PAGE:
“Radical Roots, Socialist Visions,” a multi-media presentation by filmmaker Joel Saxe which explores the roots of early 20th century Jewish radicals, their cultural activism and socialist visions, will take place on Tuesday, October 21, 7 p.m., at New York University’s Tamiment Library, 10th floor of the NYU Bobst Library, 70 Washington Square South. The event, which is free and open to the public, celebrates an on-going exhibit at Tamiment, entitled “Socialist Summers: Radical Camps and Colonies,” on display through January 31, 2004. For further information call (212) 998-2630.
In the 1980s Saxe filmed the last gatherings of elderly Jewish radicals in Miami and New York. A turn-of-the-century generation, these immigrant activists created a vital socialist culture, combining political activism and labor organizing with literary clubs, newspapers, singing societies, workers’ theatre, and schools. Through slides, video, and audio recordings, Saxe will present scenes, oral histories and folksong performances that explore this early Jewish radicalism.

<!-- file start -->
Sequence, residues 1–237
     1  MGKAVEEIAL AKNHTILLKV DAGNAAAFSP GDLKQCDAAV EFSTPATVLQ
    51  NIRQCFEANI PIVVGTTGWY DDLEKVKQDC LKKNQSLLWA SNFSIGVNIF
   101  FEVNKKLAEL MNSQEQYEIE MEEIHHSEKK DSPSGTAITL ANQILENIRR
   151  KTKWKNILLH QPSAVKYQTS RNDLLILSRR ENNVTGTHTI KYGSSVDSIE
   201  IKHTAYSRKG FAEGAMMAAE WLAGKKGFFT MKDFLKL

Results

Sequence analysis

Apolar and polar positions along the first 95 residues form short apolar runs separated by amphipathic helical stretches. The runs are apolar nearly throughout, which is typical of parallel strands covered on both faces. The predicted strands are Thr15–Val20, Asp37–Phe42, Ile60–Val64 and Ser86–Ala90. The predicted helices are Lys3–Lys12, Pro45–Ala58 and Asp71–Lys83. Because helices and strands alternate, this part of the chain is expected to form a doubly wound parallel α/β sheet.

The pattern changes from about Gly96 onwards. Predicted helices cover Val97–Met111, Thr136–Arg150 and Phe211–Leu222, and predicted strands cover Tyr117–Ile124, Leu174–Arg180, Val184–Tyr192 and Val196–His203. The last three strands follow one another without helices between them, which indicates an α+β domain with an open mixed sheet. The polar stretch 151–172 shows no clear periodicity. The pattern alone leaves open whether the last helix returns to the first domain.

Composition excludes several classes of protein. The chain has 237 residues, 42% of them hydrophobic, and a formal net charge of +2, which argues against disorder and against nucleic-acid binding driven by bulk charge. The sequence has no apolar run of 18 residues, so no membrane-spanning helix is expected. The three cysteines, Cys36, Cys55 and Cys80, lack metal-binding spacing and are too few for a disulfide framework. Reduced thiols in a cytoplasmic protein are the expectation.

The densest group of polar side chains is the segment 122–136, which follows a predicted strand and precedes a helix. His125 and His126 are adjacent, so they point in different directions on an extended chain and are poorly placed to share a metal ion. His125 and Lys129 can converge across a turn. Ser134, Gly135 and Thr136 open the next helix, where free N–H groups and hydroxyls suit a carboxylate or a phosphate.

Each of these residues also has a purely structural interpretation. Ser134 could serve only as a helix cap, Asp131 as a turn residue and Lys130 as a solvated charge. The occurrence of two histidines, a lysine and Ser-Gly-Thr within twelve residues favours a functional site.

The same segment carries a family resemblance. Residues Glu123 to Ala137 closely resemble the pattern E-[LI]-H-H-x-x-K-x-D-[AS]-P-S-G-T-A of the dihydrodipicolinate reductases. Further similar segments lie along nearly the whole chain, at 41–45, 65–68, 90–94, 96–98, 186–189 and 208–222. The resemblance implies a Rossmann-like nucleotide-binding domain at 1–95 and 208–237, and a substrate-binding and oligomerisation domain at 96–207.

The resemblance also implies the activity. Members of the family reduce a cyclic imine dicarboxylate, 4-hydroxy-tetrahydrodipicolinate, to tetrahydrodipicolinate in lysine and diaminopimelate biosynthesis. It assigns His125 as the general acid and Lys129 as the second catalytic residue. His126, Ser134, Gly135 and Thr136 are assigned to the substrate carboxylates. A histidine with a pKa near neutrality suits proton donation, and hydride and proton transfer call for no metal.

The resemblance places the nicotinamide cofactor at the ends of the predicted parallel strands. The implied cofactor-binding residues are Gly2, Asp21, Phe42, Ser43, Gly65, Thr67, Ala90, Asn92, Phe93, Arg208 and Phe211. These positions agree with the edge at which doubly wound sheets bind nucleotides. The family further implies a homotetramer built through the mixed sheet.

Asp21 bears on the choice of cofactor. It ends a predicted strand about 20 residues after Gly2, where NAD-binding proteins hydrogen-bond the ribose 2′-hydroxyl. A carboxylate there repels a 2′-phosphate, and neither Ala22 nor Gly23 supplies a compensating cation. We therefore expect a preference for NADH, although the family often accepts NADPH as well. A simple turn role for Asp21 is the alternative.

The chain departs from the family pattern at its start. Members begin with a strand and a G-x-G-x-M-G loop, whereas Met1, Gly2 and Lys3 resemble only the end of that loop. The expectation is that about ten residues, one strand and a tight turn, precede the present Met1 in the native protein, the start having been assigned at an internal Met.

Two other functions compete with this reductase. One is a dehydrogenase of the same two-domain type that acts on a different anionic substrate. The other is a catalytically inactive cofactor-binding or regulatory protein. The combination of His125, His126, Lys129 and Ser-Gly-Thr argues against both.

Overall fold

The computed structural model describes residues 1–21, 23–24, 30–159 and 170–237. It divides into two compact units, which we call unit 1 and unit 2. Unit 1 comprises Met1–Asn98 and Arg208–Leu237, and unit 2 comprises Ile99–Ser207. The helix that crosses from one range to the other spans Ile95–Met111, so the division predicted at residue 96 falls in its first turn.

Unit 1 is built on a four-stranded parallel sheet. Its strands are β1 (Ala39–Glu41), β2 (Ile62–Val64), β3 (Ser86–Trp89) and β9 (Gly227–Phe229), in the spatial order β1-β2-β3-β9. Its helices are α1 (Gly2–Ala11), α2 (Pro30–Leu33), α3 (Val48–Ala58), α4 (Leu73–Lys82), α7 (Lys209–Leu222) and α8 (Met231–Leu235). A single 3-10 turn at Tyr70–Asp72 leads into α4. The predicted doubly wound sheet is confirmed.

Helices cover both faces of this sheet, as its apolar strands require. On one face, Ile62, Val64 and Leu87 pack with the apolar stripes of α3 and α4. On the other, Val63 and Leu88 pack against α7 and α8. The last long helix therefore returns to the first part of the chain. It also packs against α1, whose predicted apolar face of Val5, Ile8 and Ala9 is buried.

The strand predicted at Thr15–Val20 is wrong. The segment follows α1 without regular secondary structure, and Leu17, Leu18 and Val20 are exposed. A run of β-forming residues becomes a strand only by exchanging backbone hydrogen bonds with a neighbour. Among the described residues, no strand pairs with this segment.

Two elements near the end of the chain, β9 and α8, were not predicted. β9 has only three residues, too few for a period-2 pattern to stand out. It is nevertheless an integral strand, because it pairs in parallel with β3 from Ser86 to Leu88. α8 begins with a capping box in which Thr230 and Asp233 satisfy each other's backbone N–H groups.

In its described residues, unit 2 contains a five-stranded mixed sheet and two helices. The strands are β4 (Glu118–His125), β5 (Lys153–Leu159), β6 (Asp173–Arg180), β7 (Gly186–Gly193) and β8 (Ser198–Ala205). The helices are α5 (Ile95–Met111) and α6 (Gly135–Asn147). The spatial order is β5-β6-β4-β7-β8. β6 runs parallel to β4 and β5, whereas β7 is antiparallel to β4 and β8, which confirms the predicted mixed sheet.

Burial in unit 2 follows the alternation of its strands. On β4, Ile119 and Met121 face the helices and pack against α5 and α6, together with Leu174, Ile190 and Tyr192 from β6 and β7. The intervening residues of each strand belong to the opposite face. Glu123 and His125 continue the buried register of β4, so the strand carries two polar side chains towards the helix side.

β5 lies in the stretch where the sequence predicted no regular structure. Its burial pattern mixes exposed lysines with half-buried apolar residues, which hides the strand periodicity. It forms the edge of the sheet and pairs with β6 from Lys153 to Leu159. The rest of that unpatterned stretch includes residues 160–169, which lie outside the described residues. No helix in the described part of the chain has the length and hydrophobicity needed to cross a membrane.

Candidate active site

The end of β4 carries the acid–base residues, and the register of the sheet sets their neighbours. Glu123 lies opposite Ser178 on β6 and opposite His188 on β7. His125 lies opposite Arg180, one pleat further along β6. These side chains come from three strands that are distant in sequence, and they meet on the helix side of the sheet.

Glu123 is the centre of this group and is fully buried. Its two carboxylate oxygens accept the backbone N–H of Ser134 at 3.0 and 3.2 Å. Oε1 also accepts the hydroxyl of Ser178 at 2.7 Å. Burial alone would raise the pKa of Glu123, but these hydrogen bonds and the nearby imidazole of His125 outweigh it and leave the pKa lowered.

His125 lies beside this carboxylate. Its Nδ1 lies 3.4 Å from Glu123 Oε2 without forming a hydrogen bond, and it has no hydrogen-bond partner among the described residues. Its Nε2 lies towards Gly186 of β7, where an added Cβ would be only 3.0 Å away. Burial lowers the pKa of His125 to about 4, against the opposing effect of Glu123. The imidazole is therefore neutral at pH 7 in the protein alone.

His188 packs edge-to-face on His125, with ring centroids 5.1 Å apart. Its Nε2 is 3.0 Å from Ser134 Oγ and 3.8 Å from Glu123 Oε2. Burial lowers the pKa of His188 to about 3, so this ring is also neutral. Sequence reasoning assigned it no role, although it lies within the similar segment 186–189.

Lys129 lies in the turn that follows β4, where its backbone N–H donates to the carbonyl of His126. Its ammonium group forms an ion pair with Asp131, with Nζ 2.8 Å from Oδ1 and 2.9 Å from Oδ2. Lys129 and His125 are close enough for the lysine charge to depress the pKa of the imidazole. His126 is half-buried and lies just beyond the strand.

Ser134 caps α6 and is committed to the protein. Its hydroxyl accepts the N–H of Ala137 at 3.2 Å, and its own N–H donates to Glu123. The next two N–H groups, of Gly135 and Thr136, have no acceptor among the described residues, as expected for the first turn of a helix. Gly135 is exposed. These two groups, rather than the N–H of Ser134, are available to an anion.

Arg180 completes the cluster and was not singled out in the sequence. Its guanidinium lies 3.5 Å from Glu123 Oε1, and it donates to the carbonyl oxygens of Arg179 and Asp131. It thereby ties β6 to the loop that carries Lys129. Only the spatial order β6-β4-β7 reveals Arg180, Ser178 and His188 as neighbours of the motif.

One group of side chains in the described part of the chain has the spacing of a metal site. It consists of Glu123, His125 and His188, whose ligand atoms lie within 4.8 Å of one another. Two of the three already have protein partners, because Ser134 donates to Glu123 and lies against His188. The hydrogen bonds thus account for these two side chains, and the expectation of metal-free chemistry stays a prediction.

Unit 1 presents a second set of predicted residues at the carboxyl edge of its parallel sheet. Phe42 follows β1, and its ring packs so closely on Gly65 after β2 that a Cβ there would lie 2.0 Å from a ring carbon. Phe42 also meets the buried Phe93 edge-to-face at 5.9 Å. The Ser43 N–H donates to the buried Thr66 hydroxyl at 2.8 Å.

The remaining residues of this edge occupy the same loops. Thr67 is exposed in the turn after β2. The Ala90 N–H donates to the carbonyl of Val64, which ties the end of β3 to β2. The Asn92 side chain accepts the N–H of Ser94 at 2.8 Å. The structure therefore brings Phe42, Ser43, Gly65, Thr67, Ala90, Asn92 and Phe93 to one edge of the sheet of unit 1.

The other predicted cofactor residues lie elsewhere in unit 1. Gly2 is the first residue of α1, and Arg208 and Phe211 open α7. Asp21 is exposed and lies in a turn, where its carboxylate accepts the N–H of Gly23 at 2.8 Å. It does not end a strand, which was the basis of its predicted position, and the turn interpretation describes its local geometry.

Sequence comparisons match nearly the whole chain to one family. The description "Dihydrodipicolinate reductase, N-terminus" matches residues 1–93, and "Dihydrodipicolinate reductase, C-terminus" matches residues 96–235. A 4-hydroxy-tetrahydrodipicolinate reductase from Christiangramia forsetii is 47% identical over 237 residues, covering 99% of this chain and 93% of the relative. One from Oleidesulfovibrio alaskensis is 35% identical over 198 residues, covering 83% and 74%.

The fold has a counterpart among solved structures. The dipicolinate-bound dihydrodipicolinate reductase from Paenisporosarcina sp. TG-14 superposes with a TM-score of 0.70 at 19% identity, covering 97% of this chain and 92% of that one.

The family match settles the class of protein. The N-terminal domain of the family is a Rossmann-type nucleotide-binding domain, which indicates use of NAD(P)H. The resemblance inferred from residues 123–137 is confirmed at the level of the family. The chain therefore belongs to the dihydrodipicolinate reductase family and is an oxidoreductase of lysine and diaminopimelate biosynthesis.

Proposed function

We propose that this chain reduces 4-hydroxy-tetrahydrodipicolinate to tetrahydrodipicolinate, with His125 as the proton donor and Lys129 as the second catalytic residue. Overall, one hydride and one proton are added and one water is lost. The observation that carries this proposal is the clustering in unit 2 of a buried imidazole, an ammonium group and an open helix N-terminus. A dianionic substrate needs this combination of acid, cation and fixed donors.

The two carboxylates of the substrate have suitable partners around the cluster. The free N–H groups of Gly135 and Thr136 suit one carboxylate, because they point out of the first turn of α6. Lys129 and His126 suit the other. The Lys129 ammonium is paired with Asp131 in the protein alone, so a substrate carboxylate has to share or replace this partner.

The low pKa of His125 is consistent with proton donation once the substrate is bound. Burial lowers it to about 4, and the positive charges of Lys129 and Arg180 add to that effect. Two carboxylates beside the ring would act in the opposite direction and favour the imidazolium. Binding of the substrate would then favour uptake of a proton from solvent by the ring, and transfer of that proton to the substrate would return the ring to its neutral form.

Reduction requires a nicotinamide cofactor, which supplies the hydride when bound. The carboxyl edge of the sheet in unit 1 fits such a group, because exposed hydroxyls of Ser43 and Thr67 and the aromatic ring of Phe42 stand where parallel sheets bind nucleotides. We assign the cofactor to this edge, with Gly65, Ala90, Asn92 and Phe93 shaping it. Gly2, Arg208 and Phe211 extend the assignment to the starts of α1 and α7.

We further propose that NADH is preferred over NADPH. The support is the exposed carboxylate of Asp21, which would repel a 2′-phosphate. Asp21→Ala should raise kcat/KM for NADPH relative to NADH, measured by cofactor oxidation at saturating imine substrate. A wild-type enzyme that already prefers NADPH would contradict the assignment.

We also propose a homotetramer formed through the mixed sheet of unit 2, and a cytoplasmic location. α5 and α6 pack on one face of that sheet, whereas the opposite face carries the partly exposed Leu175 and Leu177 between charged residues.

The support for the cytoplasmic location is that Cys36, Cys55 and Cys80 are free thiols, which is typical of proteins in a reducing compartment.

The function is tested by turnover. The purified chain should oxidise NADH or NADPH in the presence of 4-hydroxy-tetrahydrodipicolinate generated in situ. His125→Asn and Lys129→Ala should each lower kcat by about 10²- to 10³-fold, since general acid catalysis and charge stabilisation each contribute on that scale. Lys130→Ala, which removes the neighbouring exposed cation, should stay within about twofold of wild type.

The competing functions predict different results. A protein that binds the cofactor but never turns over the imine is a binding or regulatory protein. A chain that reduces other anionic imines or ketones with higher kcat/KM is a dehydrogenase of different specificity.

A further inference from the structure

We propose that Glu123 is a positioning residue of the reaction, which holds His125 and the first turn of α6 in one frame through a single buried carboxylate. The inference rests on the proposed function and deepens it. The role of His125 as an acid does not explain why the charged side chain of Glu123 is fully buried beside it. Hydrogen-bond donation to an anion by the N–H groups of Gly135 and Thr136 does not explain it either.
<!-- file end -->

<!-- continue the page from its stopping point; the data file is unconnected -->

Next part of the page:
The on-going exhibition, “Socialist Summers,” features photographs, flyers, advertisements and memorabilia from left-wing summer camps and colonies in the first half of the 20th century. Gallery hours are: Monday-Friday, 10 a.m.-5:45 p.m.; Saturdays, 10 a.m.-5 p.m.
The Tamiment Library at NYU is a unique center for scholarly research on the history and culture of American radicalism and labor. Tamiment’s many collections document the history of the anarchist, communist, labor, radical, feminist, and socialist movements in the U.S. from the Civil War to the present.